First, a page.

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Mick Davis’ Vision Blue joins backers for Cornish Metals tin mine

South Crofty, about 390km west of London on the Celtic Sea Coast, was the last tin mine in Europe when it closed in 1998. (Image courtesy of Cornish Metals.)

Cornish Metals (LON, TSX-V: CUSN) is getting closer to reopening the South Crofty tin-copper mine in Cornwall, southwest England, as a group of investors, including mining veteran Mick Davis, are injecting £40.5 million ($53.1m) into the company.

Davis’ battery metals investment firm Vision Blue Resources (VBR), whose main strategy is acquiring stakes in assets linked to electric vehicles (EVs) and grid storage growth, has committed £25 million ($33m), Cornish Metals said.

The remaining £15.5 million ($20m) will come from a private placing to existing and new UK institutional investors, as well as existing Canadian investors and eligible accredited private investors, it noted.

The parties involved in the fundraising will get warrants that give them the right to buy shares at Friday’s closing price of 27p over the next three years. If all the warrants are exercised, Cornish Metals will receive a further £60 million ($79m).

Upon closing, VBR will own about 27% of Cornish Metals, which will use the cash to dewater South Crofty and complete the studies needed to take a final construction decision in about 18 months.

“We are excited to embark on this new chapter of Cornwall’s mining history, which will see South Crofty make a significant contribution to the local and UK economy, with the potential to create up to 1,000 direct and indirect jobs, as well being at the forefront of the drive towards net zero,” chief executive Richard Williams said in the statement.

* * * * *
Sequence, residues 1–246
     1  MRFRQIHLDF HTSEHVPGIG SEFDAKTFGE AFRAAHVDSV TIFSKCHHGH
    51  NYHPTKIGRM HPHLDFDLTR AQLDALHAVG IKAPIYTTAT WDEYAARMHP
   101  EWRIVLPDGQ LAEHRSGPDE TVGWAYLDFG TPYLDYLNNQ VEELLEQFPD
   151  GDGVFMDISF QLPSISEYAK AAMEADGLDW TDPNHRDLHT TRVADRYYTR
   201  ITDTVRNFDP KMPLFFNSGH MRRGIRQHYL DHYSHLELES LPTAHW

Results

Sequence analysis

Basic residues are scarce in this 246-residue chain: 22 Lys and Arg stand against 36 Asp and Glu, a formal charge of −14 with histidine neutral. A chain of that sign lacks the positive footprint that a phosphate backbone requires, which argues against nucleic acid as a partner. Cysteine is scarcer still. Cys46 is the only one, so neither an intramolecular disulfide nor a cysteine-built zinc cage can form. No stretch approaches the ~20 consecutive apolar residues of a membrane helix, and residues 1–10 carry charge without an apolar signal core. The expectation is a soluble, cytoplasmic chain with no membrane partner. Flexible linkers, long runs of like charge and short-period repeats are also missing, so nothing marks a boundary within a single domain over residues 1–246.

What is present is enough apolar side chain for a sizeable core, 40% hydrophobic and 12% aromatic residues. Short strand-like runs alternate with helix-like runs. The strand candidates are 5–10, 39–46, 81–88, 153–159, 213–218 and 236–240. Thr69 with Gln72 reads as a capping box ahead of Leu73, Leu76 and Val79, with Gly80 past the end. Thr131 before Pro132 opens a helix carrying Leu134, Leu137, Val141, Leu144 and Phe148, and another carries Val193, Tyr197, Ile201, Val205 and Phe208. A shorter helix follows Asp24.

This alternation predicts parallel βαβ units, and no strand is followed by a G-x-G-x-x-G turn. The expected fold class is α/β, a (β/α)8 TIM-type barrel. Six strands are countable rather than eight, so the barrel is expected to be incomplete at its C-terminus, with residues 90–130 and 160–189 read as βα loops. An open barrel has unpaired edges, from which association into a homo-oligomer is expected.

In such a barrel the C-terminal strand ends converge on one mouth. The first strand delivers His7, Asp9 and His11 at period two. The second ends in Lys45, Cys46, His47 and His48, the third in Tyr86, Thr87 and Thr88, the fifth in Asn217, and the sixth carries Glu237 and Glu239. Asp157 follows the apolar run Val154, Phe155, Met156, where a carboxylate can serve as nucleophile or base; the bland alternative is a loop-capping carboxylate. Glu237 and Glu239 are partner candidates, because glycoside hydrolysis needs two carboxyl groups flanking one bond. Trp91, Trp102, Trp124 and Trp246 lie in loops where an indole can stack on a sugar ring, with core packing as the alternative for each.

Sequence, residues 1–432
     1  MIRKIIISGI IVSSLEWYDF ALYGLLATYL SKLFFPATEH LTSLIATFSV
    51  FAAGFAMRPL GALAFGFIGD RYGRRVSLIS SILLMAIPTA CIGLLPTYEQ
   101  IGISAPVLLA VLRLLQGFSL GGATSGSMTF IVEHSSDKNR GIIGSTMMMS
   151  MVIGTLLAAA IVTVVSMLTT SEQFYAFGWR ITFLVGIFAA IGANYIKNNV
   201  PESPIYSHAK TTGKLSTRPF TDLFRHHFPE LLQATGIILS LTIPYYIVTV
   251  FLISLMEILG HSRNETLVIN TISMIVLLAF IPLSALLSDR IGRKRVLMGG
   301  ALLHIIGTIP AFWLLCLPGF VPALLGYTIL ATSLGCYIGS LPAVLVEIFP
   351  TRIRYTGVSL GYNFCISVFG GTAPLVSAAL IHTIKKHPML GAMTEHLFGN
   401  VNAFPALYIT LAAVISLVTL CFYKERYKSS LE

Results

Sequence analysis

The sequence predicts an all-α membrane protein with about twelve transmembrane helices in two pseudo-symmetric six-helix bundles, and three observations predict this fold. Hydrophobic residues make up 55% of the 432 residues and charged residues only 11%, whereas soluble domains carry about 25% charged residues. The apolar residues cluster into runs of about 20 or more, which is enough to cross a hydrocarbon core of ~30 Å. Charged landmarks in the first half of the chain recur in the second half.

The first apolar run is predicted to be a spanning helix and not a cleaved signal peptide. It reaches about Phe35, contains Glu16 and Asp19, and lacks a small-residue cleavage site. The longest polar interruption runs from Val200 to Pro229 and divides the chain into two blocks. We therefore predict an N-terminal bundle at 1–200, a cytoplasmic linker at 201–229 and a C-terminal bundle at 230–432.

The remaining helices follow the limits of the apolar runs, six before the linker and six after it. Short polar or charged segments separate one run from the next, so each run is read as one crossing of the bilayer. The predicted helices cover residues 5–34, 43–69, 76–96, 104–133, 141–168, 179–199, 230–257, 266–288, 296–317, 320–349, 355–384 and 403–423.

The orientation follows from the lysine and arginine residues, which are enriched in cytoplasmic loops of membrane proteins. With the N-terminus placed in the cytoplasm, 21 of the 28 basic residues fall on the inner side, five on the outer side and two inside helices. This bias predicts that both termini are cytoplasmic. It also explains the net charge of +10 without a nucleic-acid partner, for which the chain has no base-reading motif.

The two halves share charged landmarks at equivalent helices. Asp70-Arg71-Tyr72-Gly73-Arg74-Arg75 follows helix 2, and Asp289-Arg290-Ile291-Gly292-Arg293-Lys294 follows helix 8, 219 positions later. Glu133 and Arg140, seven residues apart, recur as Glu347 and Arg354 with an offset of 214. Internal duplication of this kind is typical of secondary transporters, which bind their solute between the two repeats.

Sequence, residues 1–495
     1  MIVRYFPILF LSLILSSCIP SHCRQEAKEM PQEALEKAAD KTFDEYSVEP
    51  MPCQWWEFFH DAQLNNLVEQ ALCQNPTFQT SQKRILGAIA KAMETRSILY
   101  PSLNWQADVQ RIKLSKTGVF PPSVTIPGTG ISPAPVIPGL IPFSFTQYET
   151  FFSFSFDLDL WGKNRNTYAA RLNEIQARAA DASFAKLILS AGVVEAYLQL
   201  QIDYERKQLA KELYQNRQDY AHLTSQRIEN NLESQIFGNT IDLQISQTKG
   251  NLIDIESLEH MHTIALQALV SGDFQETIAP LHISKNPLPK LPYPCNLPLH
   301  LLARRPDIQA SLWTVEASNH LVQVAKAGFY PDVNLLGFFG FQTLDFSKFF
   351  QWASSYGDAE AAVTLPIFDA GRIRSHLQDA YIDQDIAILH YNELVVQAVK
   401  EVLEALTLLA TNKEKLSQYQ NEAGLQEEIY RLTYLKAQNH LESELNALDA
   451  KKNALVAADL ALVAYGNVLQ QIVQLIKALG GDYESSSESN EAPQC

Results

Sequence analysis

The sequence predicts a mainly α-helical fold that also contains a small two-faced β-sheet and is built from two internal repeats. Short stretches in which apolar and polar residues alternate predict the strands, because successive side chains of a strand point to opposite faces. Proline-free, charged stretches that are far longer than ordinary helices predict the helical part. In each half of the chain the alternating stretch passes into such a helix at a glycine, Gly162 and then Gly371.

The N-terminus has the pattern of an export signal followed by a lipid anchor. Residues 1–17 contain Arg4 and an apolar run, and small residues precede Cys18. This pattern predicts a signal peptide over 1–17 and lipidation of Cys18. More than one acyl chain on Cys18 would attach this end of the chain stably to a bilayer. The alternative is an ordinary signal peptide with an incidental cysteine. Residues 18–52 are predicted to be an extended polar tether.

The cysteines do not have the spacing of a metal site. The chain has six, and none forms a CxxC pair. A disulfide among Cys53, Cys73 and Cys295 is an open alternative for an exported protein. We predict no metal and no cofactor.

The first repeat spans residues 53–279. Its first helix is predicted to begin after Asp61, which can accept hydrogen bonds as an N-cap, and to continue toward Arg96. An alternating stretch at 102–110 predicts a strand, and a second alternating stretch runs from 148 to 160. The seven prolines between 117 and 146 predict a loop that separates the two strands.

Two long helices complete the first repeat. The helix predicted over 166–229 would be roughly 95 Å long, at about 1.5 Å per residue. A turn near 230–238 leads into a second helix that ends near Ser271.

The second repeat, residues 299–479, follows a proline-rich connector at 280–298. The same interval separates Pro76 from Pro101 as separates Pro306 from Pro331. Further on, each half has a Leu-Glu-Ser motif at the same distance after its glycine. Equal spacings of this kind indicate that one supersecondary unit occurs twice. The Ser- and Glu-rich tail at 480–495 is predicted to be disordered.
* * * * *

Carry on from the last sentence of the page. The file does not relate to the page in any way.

There is currently no primary mine production of tin in Europe or North America and the US has included the metal in a list of minerals considered critical to the country’s economic and national security.

South Crofty could generate up to 5,000 tonnes of tin a year, with first production expected in 2026. The company said the mine will create up to 270 direct jobs and support a further 750 in the region, one of the UK’s most underprivileged.

Securing supply

Mick Davis is a well-known name in the mining industry as he led Xstrata from a $500 million business in the early part of the last decade to an operation so big that — at one point — it made a takeover offer for Anglo American (LON: AAL).

In 2012, he sold Xstrata to Glencore (LON: GLEN) and ventured into setting up X2 Resources, a mining fund that was unable to score any deals in the three years after its launch.

Davis did not get discouraged by that failure. In 2019, he co-founded Niron Metals, an investment vehicle involved in bringing Guinea’s Zogota iron ore deposit into production.

Seeking to seize the opportunity presented by the increasing need for battery metals, which include a host of materials from lithium to nickel, cobalt and copper, Davis launched VBR in December 2020.

The fund has since invested in several companies, including Canada’s NextSource Materials (TSX: NEXT), which is building a graphite mine in Madagascar.

South Crofty has one of the highest-grade tin mineral resources in the world not currently in production and has the potential to be amongst the lowest-cost producers globally.